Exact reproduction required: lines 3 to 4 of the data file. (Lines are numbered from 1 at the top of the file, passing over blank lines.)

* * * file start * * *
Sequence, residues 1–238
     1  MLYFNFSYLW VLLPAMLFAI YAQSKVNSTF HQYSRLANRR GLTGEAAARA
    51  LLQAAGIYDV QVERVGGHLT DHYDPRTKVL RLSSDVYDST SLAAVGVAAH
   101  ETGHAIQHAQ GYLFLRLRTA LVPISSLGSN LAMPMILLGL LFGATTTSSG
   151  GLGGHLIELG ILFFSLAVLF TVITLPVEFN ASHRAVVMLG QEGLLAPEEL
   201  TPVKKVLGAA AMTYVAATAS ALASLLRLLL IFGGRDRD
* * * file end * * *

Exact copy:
    51  LLQAAGIYDV QVERVGGHLT DHYDPRTKVL RLSSDVYDST SLAAVGVAAH
   101  ETGHAIQHAQ GYLFLRLRTA LVPISSLGSN LAMPMILLGL LFGATTTSSG